5.3 billion devices at risk for invisible, infectious Bluetooth attack

September 12, 2017 – 4:16 PM

What spreads through the air, is invisible to users, and requires no user interaction— no clicking, no pairing, no downloading, not even turning on discoverable mode— but could bring the hurt to billions of devices? It’s an attack vector dubbed Blueborne. Researchers revealed eight different bugs that affect the Bluetooth of more than 5.3 billion devices, including Android, Windows, Linux and iOS.

IoT security company Armis warned that all it takes is having Bluetooth on, and within 10 seconds, your device could be pwned from 32 feet away. And it’s wormable, a regular walking worm, meaning one infected device could spread it to others. While that already sound ominous, Armis gave a scenario that included the infection spreading ransomware from Bluetooth-enabled device to device.

The flaws are not in the Bluetooth protocol, but in the stacks — the Bluetooth implementations. The researchers discovered four of the flaws in Android’s Bluetooth stacks, one in Windows, one in iOS and two in Linux. They are not just talking about desktops, laptops and phones; Armis warned that Bluetooth “is used by devices of all kinds, from regular computers and mobile devices to IoT devices such as TVs, watches, cars and even medical appliances.”

Source:
https://www.csoonline.com/article/3224365/security/53-billion-devices-at-risk-for-invisible-infectious-bluetooth-attack.html

Chrome 63 notifies you of Man-in-the-Middle issues

September 11, 2017 – 6:36 AM

Google plans to launch a new security feature in the upcoming Chrome 63 browser that notifies users about Man-in-the-Middle (MITM) issues.

MITM is best known as a method to attack user systems by intercepting and manipulating traffic. Many security programs with firewall and browsing components do use similar functionality to inspect encrypted traffic.

The security feature that will launch in Chrome 63 displays a notification to users if (legitimate) security software causes issues on the system because of its interference with encrypted SSL traffic.

Source:
https://www.ghacks.net/2017/09/11/chrome-63-notifies-you-of-man-in-the-middle-issues/

Researcher discloses 10 D-Link zero-day router flaws

September 11, 2017 – 6:33 AM

When a zero-day vulnerability becomes public, of which by its nature no patches or fixes are available at the time, one is enough for vendors to come to terms with in order to rapidly devise a solution.

D-Link now has 10 such previously-unknown bugs on its plate to fix.

Last week, security researcher Pierre Kim chose to publicly disclose his findings related to D-Link 850L routers due to “difficulties” working with the vendor on a coordinated disclosure.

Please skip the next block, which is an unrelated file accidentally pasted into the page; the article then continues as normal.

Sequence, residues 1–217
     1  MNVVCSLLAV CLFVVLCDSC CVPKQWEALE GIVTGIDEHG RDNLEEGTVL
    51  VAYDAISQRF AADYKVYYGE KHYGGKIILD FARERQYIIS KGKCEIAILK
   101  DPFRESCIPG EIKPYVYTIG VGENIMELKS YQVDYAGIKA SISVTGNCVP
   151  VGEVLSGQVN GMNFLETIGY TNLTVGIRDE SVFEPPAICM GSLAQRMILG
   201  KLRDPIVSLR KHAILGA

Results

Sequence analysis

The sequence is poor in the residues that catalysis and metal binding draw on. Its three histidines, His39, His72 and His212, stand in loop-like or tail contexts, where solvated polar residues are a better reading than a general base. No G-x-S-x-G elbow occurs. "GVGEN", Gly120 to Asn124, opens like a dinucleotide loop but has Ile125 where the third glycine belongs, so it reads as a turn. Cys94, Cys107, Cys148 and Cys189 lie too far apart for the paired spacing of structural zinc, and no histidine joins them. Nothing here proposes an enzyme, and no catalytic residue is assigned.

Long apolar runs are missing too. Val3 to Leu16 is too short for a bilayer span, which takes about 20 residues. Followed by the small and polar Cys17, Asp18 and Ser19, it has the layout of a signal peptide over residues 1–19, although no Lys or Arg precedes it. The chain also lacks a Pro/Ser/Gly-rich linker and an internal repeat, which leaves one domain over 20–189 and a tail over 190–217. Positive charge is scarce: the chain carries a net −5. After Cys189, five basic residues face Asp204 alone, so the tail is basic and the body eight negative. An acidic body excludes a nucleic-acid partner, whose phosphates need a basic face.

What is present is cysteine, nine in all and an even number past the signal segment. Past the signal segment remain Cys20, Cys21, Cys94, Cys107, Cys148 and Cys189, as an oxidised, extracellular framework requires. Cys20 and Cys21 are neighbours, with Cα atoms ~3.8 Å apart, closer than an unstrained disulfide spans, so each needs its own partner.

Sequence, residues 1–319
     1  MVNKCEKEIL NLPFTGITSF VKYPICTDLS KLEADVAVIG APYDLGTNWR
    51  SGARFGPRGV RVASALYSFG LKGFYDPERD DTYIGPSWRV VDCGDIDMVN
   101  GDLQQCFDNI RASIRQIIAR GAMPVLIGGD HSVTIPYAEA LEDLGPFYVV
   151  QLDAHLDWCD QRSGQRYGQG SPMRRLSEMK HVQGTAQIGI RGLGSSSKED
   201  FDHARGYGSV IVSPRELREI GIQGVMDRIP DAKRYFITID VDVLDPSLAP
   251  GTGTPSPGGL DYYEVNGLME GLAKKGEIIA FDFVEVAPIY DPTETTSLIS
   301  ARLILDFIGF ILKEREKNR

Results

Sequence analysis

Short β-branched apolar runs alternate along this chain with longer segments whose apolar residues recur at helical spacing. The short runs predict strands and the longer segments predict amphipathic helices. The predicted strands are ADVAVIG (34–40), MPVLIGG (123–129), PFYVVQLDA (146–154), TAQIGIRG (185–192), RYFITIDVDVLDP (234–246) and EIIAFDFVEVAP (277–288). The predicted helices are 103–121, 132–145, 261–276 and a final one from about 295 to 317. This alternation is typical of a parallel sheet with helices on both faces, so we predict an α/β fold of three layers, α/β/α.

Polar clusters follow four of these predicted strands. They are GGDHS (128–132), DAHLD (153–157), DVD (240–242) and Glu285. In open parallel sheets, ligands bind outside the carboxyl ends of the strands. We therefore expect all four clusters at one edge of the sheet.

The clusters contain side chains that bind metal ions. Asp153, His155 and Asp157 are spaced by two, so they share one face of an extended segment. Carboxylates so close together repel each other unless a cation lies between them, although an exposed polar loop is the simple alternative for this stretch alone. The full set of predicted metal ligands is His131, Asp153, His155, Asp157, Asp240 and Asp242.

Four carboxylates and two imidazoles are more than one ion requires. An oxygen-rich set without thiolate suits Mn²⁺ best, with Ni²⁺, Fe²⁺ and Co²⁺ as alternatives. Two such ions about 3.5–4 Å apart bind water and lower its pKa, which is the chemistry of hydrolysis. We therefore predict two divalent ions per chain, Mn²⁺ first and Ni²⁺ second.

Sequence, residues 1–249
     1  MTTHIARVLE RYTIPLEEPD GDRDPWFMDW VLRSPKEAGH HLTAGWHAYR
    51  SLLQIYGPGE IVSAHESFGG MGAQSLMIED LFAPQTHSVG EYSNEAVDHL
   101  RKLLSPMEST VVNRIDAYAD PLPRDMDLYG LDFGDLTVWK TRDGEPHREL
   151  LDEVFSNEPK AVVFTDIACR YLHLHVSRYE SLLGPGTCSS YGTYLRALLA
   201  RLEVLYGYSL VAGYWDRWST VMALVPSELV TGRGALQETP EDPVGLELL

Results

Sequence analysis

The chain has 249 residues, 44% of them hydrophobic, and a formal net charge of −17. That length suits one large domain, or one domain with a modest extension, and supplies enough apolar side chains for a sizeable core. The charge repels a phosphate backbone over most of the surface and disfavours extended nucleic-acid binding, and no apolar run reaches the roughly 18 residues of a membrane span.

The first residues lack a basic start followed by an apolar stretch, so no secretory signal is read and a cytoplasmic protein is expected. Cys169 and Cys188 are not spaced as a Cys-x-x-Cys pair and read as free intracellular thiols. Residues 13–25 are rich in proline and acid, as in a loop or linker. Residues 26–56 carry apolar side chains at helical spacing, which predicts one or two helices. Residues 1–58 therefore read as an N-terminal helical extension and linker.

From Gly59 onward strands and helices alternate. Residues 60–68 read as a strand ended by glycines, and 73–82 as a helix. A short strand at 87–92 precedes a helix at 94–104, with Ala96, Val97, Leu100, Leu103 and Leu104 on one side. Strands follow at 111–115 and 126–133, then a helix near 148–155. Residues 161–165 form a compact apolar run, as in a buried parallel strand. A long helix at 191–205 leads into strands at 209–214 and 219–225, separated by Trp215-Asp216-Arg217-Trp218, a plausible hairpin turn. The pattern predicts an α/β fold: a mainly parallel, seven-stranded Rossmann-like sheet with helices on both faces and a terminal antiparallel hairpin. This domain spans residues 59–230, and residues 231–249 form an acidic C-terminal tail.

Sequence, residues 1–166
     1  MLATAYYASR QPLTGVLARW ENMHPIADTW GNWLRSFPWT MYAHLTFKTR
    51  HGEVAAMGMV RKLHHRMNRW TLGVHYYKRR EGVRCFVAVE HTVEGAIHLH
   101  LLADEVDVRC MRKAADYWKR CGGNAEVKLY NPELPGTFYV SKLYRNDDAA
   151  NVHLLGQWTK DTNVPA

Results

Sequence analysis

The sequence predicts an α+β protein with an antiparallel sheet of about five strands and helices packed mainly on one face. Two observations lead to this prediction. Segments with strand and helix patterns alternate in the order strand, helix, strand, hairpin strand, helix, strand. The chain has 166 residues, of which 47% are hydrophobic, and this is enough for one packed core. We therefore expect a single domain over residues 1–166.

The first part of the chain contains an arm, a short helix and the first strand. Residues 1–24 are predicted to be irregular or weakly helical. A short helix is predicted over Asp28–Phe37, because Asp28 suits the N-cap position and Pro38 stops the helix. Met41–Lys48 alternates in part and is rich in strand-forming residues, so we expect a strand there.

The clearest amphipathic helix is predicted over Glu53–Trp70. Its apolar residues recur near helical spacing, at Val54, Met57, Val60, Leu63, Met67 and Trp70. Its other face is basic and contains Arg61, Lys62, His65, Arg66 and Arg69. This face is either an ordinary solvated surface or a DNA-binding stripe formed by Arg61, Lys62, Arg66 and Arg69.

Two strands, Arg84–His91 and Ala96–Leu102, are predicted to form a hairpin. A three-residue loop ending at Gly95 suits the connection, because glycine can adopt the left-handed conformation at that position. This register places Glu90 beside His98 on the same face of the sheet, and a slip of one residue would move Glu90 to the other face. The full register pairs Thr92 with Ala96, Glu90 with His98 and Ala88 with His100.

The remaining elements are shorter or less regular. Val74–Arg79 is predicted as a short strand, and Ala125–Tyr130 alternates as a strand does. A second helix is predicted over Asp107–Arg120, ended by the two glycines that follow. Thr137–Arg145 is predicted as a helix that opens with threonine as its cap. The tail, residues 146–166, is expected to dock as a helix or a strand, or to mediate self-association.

In a blog post, Kim said the flaws were found in the D-Link 850L, a wireless AC1200 dual-band gigabit cloud router, which also enables users to use Mydlink Cloud Services to access their home networks remotely.

Kim describes the product as a “router overall badly designed with a lot of vulnerabilities,” and says that he was able to compromise everything, from the LAN to the WAN, as well as the custom MyDlink cloud protocol.

Source:
http://www.zdnet.com/article/10-d-link-zero-day-router-flaws-exposed/

Expired domain names and malvertising

September 5, 2017 – 4:17 PM

In Q1 and Q2 of 2017, we noticed a sharp decline in drive-by downloads coming from compromised websites. The campaigns of the past are either gone (Pseudo Darkleech) or have changed focus (EITest using social engineering techniques).

Malvertising – which has remained steady and is currently the main driving force behind some of the most common malware and scam distribution operations- not only stems from various publishers but also from ‘abandoned’ websites. Those related domains once served a legitimate purpose but were never renewed by their owners and fell into the hands of actors looking to make a quick profit using questionable practices.

In this post, we take a look at how malicious redirections from expired domains work and what kind of traffic they lead to.

The life, death, and resurrection of a domain name

Most issues when it comes to web security don’t usually come from the platforms themselves but from the people that run them or from properties that have simply been relinquished. The folks over at Sucuri have written about this extensively and in a recent post, they showed how expired domains and outdated plugins in popular CMS were a deadly mix, resulting in malicious redirects.

Source:
https://blog.malwarebytes.com/threat-analysis/2017/09/expired-domain-names-and-malvertising/

Hardcoded Credentials Expose Customers of AT&T U-Verse

September 1, 2017 – 6:30 PM

On August 31, 2017, Nomotion released five vulnerabilities for two Arris modems used by AT&T U-Verse customers in the US. The vulnerabilities are of the following types:

The hardcoded credentials give attackers access to the device via SSH or HTTP/HTTPS. On certain devices, when logged into the modem, the attacker can then leverage the authenticated command injection vulnerabilities to get a root shell. This vulnerability is especially bad for users whose devices are exposed to the internet.

The firewall bypass vulnerability is particularly worrisome. After successfully gathering the list of hosts behind the firewall using the port 61001 information exposure, an unauthenticated remote attacker can then connect to any device behind the firewall by using the firewall bypass. Effectively opening the internal network to attack.

Source:
https://www.tenable.com/blog/hardcoded-credentials-expose-customers-of-att-u-verse

Page 2 of 35112345...102030...Last »